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The iMac G5: A first look at Apple's new all-in-one

September 20, 2004 12:00 PM ET

Computerworld - OK, let's get the iMac aesthetics issue out of the way right from the start.
Judging from comments on a variety of Mac-related Web sites, Apple fans around the world are sharply divided about Apple Computer Inc.'s new iMac G5 desktop machine. Announced on Aug. 31 and now shipping in dribbles and drabs, the third-generation all-in-one sports a host of improvements and a completely new look. Gone is the flat-panel screen supported by a chrome arm above a hemispherical base.
In its place is an all-white flat screen with the innards of the computer hidden behind it in a case that's just 2 in. deep. Think of it as a grown-up version of the iPod -- certainly that's what Apple wants you to think. Think I'm kidding? See for yourself in this Apple video.
Although Mac fans generally seem to like the hardware (with the exception of the Nvidia GeForce FX 5200 Ultra graphics card), they're decidedly mixed in their views of the flat machine's look. Some have called it a step back for Apple from the obviously cool "iLamp" model that preceded it. Others say the new machines represent the best in minimalism and will fit right in with most corporate environments.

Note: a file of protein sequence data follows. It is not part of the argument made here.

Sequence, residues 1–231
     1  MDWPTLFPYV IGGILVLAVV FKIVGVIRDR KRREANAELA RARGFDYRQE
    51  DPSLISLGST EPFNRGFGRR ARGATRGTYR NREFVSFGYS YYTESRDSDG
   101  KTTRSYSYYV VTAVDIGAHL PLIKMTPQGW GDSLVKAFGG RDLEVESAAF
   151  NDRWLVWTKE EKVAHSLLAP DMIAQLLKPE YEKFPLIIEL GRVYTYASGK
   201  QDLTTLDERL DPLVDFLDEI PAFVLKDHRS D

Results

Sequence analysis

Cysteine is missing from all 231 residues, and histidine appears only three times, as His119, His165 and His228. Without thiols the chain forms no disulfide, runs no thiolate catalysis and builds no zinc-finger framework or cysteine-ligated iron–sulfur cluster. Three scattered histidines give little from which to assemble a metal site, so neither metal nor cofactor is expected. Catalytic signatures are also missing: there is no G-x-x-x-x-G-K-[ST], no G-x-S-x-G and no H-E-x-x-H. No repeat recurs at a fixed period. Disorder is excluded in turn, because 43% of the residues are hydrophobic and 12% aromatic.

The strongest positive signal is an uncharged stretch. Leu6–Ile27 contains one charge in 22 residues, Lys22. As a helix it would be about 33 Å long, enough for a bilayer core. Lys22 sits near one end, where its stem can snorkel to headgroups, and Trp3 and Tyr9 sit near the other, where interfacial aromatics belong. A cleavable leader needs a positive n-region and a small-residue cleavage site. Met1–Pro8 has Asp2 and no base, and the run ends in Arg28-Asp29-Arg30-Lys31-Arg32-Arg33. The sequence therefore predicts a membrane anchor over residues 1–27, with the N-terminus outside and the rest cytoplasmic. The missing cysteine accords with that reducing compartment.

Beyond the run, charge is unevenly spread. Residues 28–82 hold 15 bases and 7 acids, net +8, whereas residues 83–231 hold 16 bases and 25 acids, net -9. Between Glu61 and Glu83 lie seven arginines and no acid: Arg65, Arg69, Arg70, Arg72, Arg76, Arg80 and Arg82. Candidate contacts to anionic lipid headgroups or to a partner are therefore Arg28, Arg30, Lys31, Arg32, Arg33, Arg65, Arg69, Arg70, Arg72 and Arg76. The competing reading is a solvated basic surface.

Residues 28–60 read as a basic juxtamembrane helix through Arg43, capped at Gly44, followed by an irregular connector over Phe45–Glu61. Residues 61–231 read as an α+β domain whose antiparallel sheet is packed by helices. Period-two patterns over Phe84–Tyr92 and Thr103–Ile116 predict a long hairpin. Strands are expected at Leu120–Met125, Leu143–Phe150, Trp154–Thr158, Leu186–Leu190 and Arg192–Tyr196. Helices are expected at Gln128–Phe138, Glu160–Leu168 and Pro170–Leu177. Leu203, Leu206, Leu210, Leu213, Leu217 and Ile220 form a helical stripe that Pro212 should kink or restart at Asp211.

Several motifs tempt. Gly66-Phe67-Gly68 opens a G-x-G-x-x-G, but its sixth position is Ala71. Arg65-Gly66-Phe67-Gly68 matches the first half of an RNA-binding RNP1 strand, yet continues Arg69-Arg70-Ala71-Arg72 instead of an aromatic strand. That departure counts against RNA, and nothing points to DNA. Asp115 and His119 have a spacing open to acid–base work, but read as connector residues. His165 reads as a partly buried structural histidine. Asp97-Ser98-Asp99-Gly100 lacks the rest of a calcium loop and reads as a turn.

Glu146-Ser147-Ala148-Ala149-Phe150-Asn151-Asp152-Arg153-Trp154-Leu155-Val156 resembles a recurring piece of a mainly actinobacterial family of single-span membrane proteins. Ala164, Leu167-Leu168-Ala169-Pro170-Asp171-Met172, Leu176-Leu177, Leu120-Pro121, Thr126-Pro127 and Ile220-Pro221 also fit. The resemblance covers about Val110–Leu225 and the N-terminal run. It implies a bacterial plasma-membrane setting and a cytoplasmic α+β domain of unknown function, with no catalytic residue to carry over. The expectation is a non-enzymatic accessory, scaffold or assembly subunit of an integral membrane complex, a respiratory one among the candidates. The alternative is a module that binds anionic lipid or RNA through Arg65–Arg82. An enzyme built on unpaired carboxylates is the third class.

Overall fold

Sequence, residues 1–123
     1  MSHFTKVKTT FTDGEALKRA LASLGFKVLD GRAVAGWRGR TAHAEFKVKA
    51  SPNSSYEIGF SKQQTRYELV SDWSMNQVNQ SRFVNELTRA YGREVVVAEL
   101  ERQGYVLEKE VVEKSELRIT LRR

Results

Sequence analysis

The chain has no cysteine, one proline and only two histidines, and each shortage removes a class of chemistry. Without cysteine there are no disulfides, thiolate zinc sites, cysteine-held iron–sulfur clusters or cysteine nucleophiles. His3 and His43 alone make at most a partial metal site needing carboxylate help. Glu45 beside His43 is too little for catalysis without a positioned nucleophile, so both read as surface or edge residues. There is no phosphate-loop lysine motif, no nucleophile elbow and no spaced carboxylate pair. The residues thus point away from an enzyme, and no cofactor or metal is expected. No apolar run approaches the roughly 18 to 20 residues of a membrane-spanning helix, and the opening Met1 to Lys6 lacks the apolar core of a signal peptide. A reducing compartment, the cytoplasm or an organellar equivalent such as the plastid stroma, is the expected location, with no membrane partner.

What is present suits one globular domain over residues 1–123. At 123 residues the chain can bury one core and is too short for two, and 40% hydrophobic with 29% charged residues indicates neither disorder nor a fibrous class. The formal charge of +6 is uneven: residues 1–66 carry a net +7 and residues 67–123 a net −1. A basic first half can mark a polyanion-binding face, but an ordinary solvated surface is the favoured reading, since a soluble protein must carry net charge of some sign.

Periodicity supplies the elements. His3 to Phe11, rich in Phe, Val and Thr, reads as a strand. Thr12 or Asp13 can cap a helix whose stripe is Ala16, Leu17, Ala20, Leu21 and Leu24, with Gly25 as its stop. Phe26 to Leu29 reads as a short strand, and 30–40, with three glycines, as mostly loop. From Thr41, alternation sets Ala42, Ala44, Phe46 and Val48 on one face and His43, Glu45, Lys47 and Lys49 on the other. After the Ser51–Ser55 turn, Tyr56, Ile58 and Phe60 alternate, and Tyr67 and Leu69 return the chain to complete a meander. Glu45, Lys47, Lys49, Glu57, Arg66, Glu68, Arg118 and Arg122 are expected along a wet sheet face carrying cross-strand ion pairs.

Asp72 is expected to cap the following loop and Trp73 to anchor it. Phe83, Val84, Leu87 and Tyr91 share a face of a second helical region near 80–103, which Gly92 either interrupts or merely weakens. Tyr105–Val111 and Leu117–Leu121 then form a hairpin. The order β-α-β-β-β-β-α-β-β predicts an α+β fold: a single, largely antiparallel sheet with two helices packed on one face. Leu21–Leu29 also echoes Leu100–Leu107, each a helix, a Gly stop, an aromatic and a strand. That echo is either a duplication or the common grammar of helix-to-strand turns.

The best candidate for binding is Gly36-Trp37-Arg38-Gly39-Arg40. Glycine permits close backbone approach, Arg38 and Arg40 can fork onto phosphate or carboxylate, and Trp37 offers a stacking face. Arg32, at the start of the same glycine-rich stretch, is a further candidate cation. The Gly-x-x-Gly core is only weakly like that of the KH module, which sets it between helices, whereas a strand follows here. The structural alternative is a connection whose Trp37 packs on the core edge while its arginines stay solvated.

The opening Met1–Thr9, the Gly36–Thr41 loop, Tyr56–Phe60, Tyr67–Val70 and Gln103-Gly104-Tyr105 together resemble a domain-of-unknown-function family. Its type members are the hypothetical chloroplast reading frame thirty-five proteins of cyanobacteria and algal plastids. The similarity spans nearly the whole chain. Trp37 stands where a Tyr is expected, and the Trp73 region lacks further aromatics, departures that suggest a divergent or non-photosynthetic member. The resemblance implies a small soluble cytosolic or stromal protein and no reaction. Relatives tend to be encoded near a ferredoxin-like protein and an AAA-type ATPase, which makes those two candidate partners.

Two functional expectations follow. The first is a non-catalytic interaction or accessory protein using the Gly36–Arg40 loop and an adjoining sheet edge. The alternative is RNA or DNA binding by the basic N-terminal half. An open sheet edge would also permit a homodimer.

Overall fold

For the record, I hold with the latter crowd. I like the look, though not because it represents a great leap forward in the design of desktop computers. The idea of packing a computer's hardware into the area behind a flat-panel screen isn't new. But Apple's usual attention to detail in how that's done, and the resulting iMac hitting store shelves now, shows that old ideas and designs can be made new again.
I should note here that this isn't an extensive review of the iMac G5, which I've had for only four days. Computerworld columnist Yuval Kossovksy will take on those duties in the next few weeks, and is expecting an iMac G5 for review purposes from Apple. Instead, I want to offer a quick overview of the hardware.

iMac G5 up and running
iMac G5 up and running
Image Credits: Ken Mingis
To me, the new iMac looks like a 1969 vision of a 21st century computer, the kind of thing Stanley Kubrick or George Lucas might have included in a sci-fi movie just about the time man was landing on the moon. It has a retro-futuristic appearance that seems bland at first, and then very, very sharp upon further examination and use.
I bought it sight unseen. Or rather, I'd seen pictures of it on Apple's Web site and taken the virtual tour online, but I'd never laid


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